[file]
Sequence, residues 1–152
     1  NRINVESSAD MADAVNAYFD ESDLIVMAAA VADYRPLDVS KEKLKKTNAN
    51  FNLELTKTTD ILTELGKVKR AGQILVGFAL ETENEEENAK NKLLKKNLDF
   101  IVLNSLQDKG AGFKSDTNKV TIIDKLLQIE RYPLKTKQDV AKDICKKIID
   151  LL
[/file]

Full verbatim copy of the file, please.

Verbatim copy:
Sequence, residues 1–152
     1  NRINVESSAD MADAVNAYFD ESDLIVMAAA VADYRPLDVS KEKLKKTNAN
    51  FNLELTKTTD ILTELGKVKR AGQILVGFAL ETENEEENAK NKLLKKNLDF
   101  IVLNSLQDKG AGFKSDTNKV TIIDKLLQIE RYPLKTKQDV AKDICKKIID
   151  LL